Why You Can’t Get Anything Done
The majority of us have some type of goal for our future. Whether that be making progress in our business or side hustles all of us have the need for creating a basic productivity system. Most of us have a basic structure laid out for this, usually involving a to-do list of some kind, so what’s the problem? Our fast-moving world has trained us to believe that we need to constantly be working, and if we aren’t then, and if we aren’t then we aren’t acting as productive members of society.
With the explosion in the productivity space over the last decade, it’s easy to look at the gurus and think “these guys have it completely figured out.” While that may be true to some degree, as I dug deeper into their systems I began to see a pattern: they are able to separate which items of top priority from less significant tasks. There will always be an abundance of tasks on our to-do lists, but there’s rarely enough time in the twelve-ish working hours we have each day to cross everything off.
Today we’re going to dive into a few techniques for proper to-do list organization so we can attempt to remove just a little bit of stress from our lives.
My Toxic Relationship With My To Do List:
Previously, and sometimes currently, I had a very toxic relationship with my to-do list. I would overload myself with a combination of a combination of tasks with no way of separating what items needed my immediate attention from the ones that could waitwith no way to separate between these two. This created the problem of having no idea where to start, and finding myself not being able to cross off as much as I felt I should, which led to me feeling overwhelmed and anxious.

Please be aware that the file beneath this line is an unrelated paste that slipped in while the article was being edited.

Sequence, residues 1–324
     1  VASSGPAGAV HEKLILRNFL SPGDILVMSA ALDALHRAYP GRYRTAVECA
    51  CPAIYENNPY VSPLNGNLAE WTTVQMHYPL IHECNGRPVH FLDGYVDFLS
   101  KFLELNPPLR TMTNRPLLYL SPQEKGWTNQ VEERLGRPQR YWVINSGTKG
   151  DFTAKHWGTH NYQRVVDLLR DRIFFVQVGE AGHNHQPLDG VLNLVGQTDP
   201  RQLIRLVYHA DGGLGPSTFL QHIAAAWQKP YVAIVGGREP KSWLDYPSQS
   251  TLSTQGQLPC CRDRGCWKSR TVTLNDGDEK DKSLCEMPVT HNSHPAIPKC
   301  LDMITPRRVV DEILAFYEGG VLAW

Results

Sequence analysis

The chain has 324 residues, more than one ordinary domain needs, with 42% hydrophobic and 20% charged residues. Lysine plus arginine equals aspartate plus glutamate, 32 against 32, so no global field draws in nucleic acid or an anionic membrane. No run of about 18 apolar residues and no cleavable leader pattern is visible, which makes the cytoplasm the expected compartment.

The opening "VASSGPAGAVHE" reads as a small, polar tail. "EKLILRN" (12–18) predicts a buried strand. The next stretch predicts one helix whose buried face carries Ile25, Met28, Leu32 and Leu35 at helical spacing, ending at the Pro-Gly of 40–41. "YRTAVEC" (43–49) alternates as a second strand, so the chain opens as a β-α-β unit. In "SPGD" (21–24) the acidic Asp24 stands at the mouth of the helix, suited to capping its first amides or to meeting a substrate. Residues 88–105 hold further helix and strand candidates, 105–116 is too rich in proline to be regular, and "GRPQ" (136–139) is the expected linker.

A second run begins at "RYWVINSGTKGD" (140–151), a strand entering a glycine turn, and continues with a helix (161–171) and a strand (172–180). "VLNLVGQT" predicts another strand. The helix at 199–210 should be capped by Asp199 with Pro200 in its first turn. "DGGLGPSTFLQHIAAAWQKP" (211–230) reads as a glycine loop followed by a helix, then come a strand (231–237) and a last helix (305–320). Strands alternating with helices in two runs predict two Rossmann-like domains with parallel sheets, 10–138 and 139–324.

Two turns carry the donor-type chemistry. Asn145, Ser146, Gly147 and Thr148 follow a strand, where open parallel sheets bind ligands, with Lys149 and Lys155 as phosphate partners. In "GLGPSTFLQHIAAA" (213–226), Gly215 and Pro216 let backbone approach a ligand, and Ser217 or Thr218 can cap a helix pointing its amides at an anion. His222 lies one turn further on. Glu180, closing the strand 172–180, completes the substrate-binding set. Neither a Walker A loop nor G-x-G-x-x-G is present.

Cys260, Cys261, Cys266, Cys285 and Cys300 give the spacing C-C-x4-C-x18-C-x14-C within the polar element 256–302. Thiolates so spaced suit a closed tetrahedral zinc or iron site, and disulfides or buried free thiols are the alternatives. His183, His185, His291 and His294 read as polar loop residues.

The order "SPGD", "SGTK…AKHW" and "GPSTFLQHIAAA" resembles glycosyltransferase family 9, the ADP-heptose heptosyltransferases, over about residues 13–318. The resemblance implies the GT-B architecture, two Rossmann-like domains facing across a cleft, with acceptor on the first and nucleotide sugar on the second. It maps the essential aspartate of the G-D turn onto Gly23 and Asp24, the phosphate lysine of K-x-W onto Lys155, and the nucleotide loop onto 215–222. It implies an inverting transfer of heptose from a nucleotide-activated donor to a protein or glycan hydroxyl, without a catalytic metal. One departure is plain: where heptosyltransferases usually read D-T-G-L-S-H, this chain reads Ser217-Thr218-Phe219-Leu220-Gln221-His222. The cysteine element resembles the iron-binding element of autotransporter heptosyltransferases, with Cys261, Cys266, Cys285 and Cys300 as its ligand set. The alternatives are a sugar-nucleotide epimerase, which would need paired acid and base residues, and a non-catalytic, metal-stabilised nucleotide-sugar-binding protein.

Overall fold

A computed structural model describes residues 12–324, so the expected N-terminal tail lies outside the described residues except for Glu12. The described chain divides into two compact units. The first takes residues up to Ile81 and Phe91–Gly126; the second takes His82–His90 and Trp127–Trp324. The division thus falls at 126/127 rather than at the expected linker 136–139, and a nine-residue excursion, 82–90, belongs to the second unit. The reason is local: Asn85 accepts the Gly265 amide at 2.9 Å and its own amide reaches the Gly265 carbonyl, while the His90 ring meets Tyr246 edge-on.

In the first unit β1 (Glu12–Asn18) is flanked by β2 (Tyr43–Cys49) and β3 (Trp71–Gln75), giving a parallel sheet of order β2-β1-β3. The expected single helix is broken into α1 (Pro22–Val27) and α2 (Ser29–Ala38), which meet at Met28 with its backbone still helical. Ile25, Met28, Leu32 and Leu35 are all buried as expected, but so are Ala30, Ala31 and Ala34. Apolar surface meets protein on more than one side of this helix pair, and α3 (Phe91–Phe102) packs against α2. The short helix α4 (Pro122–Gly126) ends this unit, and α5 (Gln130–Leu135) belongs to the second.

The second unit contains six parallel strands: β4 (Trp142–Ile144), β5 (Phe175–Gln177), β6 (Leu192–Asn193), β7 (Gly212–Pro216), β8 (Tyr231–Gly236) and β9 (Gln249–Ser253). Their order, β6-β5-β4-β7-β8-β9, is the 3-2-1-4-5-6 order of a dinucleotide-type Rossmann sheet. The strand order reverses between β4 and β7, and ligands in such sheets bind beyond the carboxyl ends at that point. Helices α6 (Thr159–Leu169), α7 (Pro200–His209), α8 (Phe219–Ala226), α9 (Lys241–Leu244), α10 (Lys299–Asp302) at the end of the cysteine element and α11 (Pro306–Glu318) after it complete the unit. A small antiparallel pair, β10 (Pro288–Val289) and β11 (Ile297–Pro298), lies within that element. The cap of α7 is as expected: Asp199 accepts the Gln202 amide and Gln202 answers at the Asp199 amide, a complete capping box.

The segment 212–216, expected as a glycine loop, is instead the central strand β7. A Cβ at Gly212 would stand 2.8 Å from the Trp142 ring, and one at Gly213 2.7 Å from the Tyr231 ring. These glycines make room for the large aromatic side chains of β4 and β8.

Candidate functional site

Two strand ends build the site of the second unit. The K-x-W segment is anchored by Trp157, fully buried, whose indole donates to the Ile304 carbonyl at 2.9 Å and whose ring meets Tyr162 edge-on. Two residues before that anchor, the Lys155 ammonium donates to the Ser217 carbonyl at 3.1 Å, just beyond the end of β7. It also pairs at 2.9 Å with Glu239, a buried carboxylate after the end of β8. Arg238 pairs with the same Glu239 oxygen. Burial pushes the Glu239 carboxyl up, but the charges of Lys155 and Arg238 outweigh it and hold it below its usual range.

Life throws us daily curveballs and endless amounts of work pile up on our desks. Maybe we are given little to no time to prepare an emergency presentation for a client, or our significant other calls us with something that absolutely cannot wait (I wouldn’t necessarily know from personal experience, but I’ve always been told “happy wife happy life”). I had to throw that last one in there just for the laugh.
Being self-employed I’ve never consistently had anyone else giving me a set schedule or deadlines to finish projects; it fell on me to create my own schedule and I was not exactly good at it for a long time. I rarely used a calendar, I would pile loads of tasks into Todoist, and I would beat myself up when I couldn’t get everything done. I became enthralled in the world of productivity well before I actually created my current system and I convinced myself that the productivity influencers I looked up to went to bed every night with a completely empty task list and the slate wiped clean.
Obviously, this was an unhealthy cycle and detrimental to my mental health. I had to take a step back and realize my approach had been skewed for a long time — I began to experiment and tweak my system until I found something that suited me.
Finding Some New Techniques:
To begin the process of transforming my approach to productivity I had to start by analyzing what creators meant when they spoke about their own organizational systems for life. After watching every Thomas Frank and Ali Abdaal video I started to notice a pattern. Most of them set up their productivity system to compensate for their desire to procrastinate. Not to call anyone out, just making an observation, no shade intended.